Washington Post analysis of iOS chat app reviews found more than 1,500 reports of unwanted sexual behavior, some of it directed against children.

The paper says that Apple continues to make the apps available on the App Store because the company does not read or analyze customer reviews, and so remains unaware of the problems…

The Post said it analyzed the reviews of six popular random chat apps.

More than 1,500 complaints of unwanted sexual approaches, many targeting children, have been made against popular social networking apps in Apple’s App Store, in contrast to what Apple prominently markets as a “safe and trusted place,” according to a Washington Post investigation […]

Using a machine learning algorithm to identify App Store reviews containing reports of unwanted sexual content, racism and bullying, The Post sifted through more than 130,000 reviews of six random chat apps, all but one of which were ranked in the top 100 for social networking by Apple earlier this month. The Post manually inspected the more than 1,500 reviews that made mention of uncomfortable sexual situations.

About 2 percent of all iOS reviews of Monkey, ranked 10th most popular in Apple’s social networking category earlier this month, contained reports of unwanted sexual behavior, according to The Post’s investigation. Despite that, the app was approved for users 12 and older. The other apps included in the investigation were Yubo, ChatLive, Chat for Strangers, Skout and Holla. At least 19 percent of the reviews on ChatLive mentioned unwanted sexual approaches.

That inappropriate behavior takes place in such apps shouldn’t surprise anyone: these are all ‘random chat apps’ – those which randomly connect you to a stranger in a video chat. The problem, argues the piece, is that Apple fails to monitor user reviews and will thus remain unaware of how they are being used.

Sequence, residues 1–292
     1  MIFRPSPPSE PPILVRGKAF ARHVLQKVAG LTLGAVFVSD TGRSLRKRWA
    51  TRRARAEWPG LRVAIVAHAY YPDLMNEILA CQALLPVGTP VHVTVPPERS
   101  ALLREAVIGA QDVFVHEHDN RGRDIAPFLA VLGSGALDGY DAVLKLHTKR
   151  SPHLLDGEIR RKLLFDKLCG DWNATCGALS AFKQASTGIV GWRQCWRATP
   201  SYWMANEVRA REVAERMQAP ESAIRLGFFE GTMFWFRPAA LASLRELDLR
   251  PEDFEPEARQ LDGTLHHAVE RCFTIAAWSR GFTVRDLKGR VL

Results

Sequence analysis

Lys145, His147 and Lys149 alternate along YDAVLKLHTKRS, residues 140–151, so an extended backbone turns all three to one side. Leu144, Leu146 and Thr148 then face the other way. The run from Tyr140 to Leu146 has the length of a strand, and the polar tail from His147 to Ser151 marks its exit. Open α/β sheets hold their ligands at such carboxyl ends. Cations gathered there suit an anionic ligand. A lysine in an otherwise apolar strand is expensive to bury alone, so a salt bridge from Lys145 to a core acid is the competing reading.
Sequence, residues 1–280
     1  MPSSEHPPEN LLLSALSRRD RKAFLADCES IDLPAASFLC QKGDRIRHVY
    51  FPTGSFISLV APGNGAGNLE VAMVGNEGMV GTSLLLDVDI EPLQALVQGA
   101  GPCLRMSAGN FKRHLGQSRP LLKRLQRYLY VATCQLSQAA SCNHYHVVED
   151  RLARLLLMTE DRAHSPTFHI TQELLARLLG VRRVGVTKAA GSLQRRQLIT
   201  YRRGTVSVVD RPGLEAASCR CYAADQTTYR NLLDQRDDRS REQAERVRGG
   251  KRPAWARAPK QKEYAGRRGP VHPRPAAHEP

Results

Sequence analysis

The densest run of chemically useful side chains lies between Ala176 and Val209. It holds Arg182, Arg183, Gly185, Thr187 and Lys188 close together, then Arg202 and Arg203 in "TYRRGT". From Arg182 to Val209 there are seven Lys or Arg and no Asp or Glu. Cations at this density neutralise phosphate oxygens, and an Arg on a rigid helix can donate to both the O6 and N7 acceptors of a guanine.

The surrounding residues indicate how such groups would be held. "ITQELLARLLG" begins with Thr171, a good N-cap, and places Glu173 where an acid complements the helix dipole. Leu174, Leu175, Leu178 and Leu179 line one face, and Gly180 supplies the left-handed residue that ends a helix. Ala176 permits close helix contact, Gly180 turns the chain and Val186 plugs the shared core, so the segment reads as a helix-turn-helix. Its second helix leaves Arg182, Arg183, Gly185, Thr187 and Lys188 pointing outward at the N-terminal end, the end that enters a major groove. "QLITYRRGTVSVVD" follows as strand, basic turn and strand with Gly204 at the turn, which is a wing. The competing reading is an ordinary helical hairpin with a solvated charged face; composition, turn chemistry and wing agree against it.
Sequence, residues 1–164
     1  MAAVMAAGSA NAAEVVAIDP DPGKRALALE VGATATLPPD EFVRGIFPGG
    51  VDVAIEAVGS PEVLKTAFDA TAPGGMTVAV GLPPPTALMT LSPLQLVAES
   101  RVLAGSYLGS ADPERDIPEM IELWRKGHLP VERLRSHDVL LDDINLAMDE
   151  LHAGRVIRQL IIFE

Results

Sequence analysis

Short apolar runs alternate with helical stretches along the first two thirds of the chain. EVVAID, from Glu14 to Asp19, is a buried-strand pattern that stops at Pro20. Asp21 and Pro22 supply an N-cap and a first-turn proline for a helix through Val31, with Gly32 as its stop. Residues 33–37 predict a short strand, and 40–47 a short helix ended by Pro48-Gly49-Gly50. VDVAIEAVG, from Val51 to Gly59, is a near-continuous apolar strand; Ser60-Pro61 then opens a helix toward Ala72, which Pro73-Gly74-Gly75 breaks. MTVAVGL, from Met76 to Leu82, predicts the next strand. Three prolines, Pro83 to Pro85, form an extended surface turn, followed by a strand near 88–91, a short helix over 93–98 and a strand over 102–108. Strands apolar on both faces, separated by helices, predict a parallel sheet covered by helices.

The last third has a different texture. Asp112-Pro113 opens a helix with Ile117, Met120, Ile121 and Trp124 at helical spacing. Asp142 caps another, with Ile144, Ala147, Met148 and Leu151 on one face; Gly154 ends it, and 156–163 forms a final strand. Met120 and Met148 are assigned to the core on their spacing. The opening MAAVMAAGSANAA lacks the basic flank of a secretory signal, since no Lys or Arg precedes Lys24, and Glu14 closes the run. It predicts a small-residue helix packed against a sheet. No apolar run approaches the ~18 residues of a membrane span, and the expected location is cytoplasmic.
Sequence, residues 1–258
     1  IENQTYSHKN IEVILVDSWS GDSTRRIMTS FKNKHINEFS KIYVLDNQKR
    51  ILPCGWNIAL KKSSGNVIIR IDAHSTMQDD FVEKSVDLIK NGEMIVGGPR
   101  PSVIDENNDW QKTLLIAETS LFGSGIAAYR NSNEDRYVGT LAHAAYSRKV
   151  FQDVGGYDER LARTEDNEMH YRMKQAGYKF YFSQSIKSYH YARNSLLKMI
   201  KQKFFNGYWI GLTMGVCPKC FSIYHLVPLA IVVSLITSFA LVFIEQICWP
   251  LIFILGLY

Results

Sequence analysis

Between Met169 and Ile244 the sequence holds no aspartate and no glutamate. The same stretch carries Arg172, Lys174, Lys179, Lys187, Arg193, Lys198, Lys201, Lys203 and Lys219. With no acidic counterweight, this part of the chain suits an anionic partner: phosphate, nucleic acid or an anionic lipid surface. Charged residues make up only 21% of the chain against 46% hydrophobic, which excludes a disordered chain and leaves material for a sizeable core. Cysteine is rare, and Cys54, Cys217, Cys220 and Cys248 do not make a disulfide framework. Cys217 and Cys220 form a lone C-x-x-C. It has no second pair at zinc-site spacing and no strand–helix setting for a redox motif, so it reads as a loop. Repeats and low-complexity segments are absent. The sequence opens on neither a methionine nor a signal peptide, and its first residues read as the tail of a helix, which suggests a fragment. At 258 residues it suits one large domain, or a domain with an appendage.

The random chat apps examined by The Post have been available on the App Store in some cases for years and are among its most popular. Apple’s practice has been to not monitor user reviews, according to a former Apple executive.

Apple didn’t comment on this but said that it did act when alerted to such problems.

Apple says it reviews 100,000 apps a week using a mix of software and humans. “We created the App Store to be a safe and trusted place for our customers to get apps and we take all reports of inappropriate or illegal contact extremely seriously,” Apple spokesman Fred Sainz said in a statement. “If the purpose of these apps is not inappropriate, we want to give developers a chance to ensure they are properly complying with the rules, but we don’t hesitate to remove them from the App Store if they don’t.” The age rating on Monkey was raised to 17 and older this week after inquiries from The Post.

Since it’s pretty obvious how some will choose to use stranger chat apps, it does seem a no-brainer for Apple to assign an adult rating to them so they are labeled as unsuitable for minors. But Apple’s former head of App Store reviews thinks the company should ban them altogether.

“In my mind, these have to go,” Phillip Shoemaker, who was Apple’s director of App Store review from 2009 to 2016, said of the entire category of random chat apps. He said “chat roulette” apps were banned during his time at the company.

Others agree, saying that unwanted sexual behavior was the norm in such apps.

Some watchdog groups like Protect Young Eyes say parents have been complaining to Apple about these apps and their propensity to connect sexual predators to underage victims. Police task forces have warned parents and teachers about the apps in presentations at schools around the country.

“If you knew there were predators at the mall or park, you wouldn’t drop your kids off at the mall and say, ‘I’ll be back in nine hours,’ ” said Ed Peisner, founder of the Organization for Social Media Safety […]

“I haven’t ever had a situation where it feels innocent and appropriate for kids,” said one of the experts, Christine Elgersma, senior editor of parent education for Common Sense Media, a nonprofit focused on how children use media and technology. “These are set up really to have sexual encounters for the most part.”

Apple recently took the decision to remove all vaping apps from the App Store.

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Ben Lovejoy

Ben Lovejoy is a British technology writer and EU Editor for 9to5Mac. He’s known for his op-eds and diary pieces, exploring his experience of Apple products over time, for a more rounded review. He also writes fiction, with two technothriller novels, a couple of SF shorts and a rom-com!

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